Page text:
• We will not devise a way to prevent the rich from exploiting the rest, but we will also not devise a way to prevent the mob from mistreating minorities or, indeed, from shooting itself in the foot;
  • We will not devise a form of government that we can simply plug in and forget;
  • We will not find leaders who can be trusted to take care of us while we all go out to play.

Even a marriage does not work very well when the partners put the relationship on automatic; why would anyone expect a government or a private corporation to do so?

Is the situation hopeless? Well, no, all sorts of regimes and corporations exist, and we can, with effort, influence the nature of ours. Recognizing what we are up against is just the first step. A second step might move past limitations to focus on dynamics. Every aspect of existence seems to possess a set of built-in dynamics: oceans have tides, the surface of the earth has plate tectonics, life has population dynamics (e.g., predator-prey). If we could identify the major dynamics of governance, we would have a significant tool for building a governmental system that would work. For example,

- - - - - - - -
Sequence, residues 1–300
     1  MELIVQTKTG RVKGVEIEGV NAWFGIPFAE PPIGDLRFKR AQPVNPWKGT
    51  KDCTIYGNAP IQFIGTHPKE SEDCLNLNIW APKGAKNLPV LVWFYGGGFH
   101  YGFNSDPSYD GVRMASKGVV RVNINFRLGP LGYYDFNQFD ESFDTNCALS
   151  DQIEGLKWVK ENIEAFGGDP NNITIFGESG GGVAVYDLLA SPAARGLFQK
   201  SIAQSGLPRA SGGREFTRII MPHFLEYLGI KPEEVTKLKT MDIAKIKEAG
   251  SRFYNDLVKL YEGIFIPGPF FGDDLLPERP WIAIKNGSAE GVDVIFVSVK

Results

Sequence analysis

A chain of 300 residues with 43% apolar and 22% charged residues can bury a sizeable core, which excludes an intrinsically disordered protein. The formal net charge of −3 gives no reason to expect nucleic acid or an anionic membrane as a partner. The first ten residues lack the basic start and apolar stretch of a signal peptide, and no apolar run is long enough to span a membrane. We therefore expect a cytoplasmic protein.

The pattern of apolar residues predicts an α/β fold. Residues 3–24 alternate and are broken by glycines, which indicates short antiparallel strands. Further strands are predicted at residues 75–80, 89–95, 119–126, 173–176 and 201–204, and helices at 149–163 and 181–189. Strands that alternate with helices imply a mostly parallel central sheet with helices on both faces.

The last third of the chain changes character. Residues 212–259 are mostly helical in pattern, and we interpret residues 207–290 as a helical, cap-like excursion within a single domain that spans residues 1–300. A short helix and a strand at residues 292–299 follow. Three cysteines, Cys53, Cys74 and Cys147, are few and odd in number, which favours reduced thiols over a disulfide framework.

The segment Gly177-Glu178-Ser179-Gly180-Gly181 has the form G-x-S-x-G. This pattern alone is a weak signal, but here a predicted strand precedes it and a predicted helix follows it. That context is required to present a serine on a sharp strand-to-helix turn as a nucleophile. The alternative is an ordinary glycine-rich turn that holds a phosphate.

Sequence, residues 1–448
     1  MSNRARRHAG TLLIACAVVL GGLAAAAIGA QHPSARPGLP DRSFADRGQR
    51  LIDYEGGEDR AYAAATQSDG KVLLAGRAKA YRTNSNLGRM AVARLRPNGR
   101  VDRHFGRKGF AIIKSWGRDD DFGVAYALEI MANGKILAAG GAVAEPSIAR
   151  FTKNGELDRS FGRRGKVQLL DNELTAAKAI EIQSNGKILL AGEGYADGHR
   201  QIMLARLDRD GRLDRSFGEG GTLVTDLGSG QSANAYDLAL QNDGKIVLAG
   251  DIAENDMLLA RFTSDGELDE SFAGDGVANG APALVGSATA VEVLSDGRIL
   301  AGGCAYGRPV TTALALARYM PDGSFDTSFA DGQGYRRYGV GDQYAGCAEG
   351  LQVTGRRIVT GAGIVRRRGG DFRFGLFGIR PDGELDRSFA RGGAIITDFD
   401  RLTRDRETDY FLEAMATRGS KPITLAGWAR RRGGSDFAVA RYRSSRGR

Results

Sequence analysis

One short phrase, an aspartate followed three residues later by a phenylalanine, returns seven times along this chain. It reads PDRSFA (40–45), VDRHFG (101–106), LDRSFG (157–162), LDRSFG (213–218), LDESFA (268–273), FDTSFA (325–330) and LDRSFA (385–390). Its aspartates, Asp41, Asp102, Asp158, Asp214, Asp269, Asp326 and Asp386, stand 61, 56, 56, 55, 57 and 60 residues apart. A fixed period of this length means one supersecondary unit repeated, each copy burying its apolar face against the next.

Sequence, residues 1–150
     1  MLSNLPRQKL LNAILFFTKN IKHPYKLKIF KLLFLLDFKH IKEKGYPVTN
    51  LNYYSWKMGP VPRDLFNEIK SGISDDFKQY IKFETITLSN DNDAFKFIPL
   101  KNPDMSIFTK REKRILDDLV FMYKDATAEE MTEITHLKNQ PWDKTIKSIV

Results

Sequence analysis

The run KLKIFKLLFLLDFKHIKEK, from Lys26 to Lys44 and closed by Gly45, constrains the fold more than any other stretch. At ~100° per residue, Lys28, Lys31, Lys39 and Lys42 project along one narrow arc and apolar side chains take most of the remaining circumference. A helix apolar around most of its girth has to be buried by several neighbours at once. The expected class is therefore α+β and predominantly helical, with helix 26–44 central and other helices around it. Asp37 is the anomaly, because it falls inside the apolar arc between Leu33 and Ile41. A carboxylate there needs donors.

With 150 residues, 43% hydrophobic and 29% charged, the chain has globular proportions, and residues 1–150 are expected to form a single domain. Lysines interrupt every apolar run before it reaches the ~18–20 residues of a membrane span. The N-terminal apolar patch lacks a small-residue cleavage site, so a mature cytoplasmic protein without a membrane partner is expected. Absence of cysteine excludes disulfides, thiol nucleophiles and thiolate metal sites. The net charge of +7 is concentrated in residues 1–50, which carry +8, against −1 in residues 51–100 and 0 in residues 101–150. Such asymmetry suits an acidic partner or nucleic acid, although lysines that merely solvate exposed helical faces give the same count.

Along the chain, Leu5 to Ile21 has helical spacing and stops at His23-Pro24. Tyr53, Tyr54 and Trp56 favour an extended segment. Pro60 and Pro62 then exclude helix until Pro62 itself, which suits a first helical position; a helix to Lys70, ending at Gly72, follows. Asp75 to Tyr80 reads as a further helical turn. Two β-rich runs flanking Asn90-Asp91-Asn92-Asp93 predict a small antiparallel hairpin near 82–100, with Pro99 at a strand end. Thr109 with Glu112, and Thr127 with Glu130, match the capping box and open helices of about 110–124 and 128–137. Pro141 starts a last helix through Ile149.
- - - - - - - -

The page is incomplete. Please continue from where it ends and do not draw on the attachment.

• Power corrupts: no matter how wonderful I am, the more power I have, the more tempted I will be to misuse it.
  • An individual might (possibly) be a saint, but a group never will be: there is a built-in group dynamic that pulls group behavior toward the lowest common denominator, so that the longer a group exists, the greater the tendency of that group to lose the vision and energy that once made it shine.